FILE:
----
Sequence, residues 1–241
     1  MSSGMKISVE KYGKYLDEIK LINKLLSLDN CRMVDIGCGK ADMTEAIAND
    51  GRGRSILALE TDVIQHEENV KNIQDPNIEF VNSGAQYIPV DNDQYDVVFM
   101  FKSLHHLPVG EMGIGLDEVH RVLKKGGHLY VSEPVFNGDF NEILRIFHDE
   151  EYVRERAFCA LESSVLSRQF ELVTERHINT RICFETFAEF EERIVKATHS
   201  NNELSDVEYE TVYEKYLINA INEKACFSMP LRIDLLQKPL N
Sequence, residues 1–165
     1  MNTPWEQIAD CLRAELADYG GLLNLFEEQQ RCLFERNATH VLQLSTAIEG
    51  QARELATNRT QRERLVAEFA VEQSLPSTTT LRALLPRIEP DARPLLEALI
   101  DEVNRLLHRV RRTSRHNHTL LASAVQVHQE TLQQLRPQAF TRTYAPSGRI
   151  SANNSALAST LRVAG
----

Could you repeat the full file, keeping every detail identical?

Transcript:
Sequence, residues 1–241
     1  MSSGMKISVE KYGKYLDEIK LINKLLSLDN CRMVDIGCGK ADMTEAIAND
    51  GRGRSILALE TDVIQHEENV KNIQDPNIEF VNSGAQYIPV DNDQYDVVFM
   101  FKSLHHLPVG EMGIGLDEVH RVLKKGGHLY VSEPVFNGDF NEILRIFHDE
   151  EYVRERAFCA LESSVLSRQF ELVTERHINT RICFETFAEF EERIVKATHS
   201  NNELSDVEYE TVYEKYLINA INEKACFSMP LRIDLLQKPL N
Sequence, residues 1–165
     1  MNTPWEQIAD CLRAELADYG GLLNLFEEQQ RCLFERNATH VLQLSTAIEG
    51  QARELATNRT QRERLVAEFA VEQSLPSTTT LRALLPRIEP DARPLLEALI
   101  DEVNRLLHRV RRTSRHNHTL LASAVQVHQE TLQQLRPQAF TRTYAPSGRI
   151  SANNSALAST LRVAG